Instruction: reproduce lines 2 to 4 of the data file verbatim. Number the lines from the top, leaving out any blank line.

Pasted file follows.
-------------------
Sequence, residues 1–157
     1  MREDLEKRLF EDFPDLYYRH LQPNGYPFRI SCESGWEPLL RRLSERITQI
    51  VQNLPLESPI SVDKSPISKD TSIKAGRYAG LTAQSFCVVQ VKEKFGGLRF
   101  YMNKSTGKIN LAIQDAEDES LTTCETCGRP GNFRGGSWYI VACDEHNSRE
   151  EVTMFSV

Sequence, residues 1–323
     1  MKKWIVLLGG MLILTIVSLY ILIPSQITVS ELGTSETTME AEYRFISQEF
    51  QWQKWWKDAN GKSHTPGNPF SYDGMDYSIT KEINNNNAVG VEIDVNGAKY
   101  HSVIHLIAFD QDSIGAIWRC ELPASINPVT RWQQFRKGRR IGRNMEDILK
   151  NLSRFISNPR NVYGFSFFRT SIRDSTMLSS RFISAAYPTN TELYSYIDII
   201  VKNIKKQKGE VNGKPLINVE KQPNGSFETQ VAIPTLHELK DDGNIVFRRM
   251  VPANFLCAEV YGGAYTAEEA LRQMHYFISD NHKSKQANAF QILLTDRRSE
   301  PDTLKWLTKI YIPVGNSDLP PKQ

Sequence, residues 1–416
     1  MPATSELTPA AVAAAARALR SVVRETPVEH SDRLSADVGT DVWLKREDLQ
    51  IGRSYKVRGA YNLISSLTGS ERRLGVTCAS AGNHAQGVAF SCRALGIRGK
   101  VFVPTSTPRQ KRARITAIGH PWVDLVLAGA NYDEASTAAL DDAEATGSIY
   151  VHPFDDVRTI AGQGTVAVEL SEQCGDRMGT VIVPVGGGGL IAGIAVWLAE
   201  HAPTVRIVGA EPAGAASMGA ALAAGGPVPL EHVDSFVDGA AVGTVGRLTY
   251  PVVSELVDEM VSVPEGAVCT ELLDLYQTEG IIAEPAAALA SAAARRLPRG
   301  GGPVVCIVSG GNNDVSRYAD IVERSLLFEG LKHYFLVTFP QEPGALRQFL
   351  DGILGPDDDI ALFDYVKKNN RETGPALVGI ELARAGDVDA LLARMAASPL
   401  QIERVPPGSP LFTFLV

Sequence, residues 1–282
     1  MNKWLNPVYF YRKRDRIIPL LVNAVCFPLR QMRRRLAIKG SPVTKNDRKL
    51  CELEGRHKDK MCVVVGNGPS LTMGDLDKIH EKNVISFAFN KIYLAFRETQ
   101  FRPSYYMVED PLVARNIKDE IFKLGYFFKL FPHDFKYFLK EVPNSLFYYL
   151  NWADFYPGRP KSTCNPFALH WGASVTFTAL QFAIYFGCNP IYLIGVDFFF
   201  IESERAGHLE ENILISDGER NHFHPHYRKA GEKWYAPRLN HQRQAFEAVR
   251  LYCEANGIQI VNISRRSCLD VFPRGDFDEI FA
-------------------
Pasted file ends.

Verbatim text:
     1  MREDLEKRLF EDFPDLYYRH LQPNGYPFRI SCESGWEPLL RRLSERITQI
    51  VQNLPLESPI SVDKSPISKD TSIKAGRYAG LTAQSFCVVQ VKEKFGGLRF
   101  YMNKSTGKIN LAIQDAEDES LTTCETCGRP GNFRGGSWYI VACDEHNSRE